The infringing party has the right to provide and file a counter-bond to avoid or cease preliminary injunctions. However, if no counter-bond is submitted, the applied preliminary injunction will remain in force until the case is finally decided.

Additionally, the Trademark Office considers the seriousness of the infringement and the nature of the interim injunction when deciding to implement an injunction and to determine the amount of the relevant bond or counter-bond.


Trademark owners are entitled to collect damages from the infringing party only if the decision issued by the Trademark Office officially declaring the infringement of the trademark rights raises res judicata. This means that such a decision, in case it is appealed, will be confirmed by each subsequent court. Once that happens, damages could be collected by the trademark owner. For that purpose, a civil action – which would be filed with the competent civil court – will be initiated in order to determine the amount to be paid as damages by the infringing party. According to the Industrial Property Law, trademark infringement damages will never be less than 40% of the infringing goods’ sale price.

This civil action implies a new trial comprised of three different instances. Once the relevant ruling raises res judicata, the judge compels the infringing party to pay the trademark owner the amount determined as damages for the infringing activities.


Should the infringement action be successful, two sums must be paid by the infringer:

  • a fine that is determined by the Trademark Office in its final decision (up to US$120,000) and kept by the government; and
  • damages that might be collected by the plaintiff (once the case has raised res judicata) only if the civil action for that purpose is initiated as above.

Evidencing the case

According to the Industrial Property Law, all sorts of evidence which are not contrary to the morality or the law are allowed (eg, expert opinions, reports and documents). Nevertheless, witnesses are not accepted by the Industrial Property Law unless their testimony is contained in a written document. Likewise, even though it is allowed, it is unusual to offer expert opinion as evidence within a trademark infringement case.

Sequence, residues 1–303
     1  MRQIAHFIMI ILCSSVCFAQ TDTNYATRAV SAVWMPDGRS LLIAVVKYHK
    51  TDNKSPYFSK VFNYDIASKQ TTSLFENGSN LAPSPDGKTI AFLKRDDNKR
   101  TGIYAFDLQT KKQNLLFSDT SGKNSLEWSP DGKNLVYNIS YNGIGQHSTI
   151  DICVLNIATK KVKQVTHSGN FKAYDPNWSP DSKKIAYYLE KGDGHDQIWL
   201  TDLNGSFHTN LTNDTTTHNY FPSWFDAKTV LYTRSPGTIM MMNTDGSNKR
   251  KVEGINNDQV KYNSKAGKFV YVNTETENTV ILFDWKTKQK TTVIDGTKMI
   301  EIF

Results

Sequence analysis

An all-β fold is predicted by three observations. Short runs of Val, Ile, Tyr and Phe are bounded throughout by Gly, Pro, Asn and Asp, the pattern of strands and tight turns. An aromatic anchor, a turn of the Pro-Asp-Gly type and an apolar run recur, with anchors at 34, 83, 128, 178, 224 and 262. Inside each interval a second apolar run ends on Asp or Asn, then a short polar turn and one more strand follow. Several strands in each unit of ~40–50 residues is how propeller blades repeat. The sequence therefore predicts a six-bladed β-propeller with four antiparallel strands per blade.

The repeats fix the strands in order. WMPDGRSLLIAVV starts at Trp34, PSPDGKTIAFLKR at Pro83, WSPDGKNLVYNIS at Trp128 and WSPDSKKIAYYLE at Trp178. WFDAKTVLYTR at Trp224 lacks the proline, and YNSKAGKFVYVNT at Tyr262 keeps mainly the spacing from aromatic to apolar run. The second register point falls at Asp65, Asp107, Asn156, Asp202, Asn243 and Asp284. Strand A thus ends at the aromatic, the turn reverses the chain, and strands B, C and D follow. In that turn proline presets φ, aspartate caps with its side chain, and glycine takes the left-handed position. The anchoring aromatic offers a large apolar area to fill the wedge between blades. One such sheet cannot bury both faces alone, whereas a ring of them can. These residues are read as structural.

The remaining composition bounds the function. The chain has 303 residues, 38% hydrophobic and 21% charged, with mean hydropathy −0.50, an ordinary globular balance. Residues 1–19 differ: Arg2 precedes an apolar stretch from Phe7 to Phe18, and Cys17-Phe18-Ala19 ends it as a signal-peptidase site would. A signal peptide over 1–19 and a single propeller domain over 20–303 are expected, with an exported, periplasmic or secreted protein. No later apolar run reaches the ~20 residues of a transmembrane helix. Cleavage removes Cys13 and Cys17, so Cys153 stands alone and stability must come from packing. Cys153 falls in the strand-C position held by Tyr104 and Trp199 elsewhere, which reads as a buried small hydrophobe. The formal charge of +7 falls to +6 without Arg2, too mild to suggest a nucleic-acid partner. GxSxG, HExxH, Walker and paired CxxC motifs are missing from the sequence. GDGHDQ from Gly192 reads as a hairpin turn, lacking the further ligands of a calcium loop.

Investigations and first steps

As any other contentious case, the review of the complaint and gathering of evidence should be conducted carefully.

According to Mexican practice, initial investigation is crucial for a trademark infringement case. It is important to get all the available information in order to determine the best strategy possible. Each case has its own challenges, but has in mind that the plaintiff submits all the evidence along with its complaint (late filings are available under very specific circumstances) – the fact of submitting the suitable information and evidence is decisive.

Determining documents

Identifying the documents that may be useful within an infringement case is also essential. It is important to verify that the relevant documentation meets all legal requirements to be properly considered evidence by the Trademark Office.

Documentary evidence has intrinsic weight in these kinds of dispute. Thus, having complete knowledge of its content and verifying that all applicable legal formalities have been met is fundamental to a successful case.

Information request by Trademark Office